C. berlandieri is the progenitor of all domesticated Chenopodium varieties in North and South America. In prehistoric eastern North America it was a part of the Eastern Agricultural Complex, a set of cultivated and domesticated species which supported sedentary and migrant populations for thousands of years. Archaeological evidence shows the species was extensively foraged as a wild plant in eastern North America as early as 6,500 BC. By 1700 BC, the plant had clearly been domesticated as a pseudocereal crop. The name given to the domesticated variety is C. b. ssp. jonesianum. The oldest evidence for domestication comes from caches of thin-testa seeds from rock shelters in the Ozark Plateaus and Ohio River basin. The goosefoot ceased to be cultivated in most of eastern North America around the time of European contact. The only known potential historic record of C. b. ssp. jonesianum is a c.a. 1720 account by Antoine Simon Le Page du Pratz. According to Le Page, the Natchez people cultivated a grain-like crop called Choupichoul that was delicious, nutritious, highly productive, and required minimal human labor. Multiple lines of evidence suggest that the crop was a domesticated variety of C. berlandieri.
Although cultivation disappeared in eastern North America, C. b. subsp. nuttalliae continues to be cultivated as a domesticated crop in Mexico. Three varieties of the subspecies are grown as a pseudocereal, as a leaf vegetable, and for its broccoli-like flowering shoots, respectively.
The principal difference between wild and domesticated forms of Chenopodium is the thickness of the seed coat. In the domesticated varieties, due to selective pressures during domestication, the testas are less than 20 microns thick; the testas of wild chenopods are 40 to 60 microns thick. This morphological characteristic is shared by the modern cultivated chenopod C. b. subsp. nuttalliae and the archaeological specimens of C. b. ssp. jonesianum. Genetic studies have shown that eastern North American and Mexican cultivated forms have considerable genetic distance between them. Despite the initial assumption of a single domestication event, consensus in the field now supports at least two independent domestication events in North America. Similarly, C. berlandieri's South American branch likely experienced at least two independent domestication events, both of which are called C. quinoa.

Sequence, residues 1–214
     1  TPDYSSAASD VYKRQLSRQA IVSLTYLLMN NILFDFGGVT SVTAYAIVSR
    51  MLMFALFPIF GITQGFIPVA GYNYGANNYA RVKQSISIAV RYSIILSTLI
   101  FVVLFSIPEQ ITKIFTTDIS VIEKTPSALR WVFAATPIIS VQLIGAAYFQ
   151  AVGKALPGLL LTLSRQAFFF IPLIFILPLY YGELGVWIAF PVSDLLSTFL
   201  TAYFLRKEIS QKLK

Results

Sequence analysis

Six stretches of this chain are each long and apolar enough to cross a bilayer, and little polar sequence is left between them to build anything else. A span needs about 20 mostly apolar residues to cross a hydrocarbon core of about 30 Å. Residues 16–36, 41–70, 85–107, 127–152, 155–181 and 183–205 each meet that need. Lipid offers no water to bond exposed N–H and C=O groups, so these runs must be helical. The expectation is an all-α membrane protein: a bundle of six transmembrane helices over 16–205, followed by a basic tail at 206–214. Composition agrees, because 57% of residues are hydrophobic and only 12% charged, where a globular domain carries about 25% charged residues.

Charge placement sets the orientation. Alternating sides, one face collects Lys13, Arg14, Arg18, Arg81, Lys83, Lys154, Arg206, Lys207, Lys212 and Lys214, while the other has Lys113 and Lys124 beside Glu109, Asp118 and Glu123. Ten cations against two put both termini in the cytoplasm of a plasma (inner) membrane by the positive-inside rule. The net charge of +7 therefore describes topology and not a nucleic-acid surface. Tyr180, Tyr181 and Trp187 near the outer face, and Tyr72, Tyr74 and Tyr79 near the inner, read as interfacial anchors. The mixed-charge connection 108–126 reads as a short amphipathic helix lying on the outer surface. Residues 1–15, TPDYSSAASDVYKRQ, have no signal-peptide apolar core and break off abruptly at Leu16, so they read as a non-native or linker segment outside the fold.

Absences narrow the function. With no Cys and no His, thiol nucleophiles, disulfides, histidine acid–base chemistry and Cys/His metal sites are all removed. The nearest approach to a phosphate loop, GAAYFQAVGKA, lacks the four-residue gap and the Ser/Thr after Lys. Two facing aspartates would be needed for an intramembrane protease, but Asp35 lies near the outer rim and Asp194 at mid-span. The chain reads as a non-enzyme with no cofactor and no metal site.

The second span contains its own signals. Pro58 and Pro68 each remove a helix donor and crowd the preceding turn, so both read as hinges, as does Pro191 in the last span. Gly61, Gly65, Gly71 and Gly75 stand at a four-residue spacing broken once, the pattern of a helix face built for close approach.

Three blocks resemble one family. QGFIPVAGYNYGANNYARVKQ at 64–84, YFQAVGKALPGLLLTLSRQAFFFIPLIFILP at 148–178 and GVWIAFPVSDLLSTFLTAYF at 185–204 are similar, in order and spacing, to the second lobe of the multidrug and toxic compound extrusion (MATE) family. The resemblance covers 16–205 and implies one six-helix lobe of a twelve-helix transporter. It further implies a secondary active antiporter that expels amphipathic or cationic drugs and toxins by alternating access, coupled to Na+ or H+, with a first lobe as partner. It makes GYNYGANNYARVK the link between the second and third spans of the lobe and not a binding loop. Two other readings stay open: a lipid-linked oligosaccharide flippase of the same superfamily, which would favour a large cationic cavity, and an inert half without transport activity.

Chenopodium species have been implicated among the greatest weed threats to agriculture in North America and globally. Most research cites the European species C. album as an herbicide resistant weed threat. The weed status and herbicide tolerance of C. berlandieri is unclear due to difficulty distinguishing species within the subsections Leiosperma (i.e. C. album ) and Cellulata (i.e. C. berlandieri).
As the cultivation of quinoa has spread globally, it has entered geographic regions with extant wild populations of close relatives including C. berlandieri in North America and C. album elsewhere. Proximity of the species allows cross-pollination and the formation of a crop-weed complex. Genetic introgression is often degenerative for both crops and wild plants; however, it can also be an opportunity to develop new crop varieties. Remarkably, the emerging quinoa and C. berlandieri crop-weed complex reflects the prehistoric genetic interaction of domesticated and wild chenopods in eastern North America.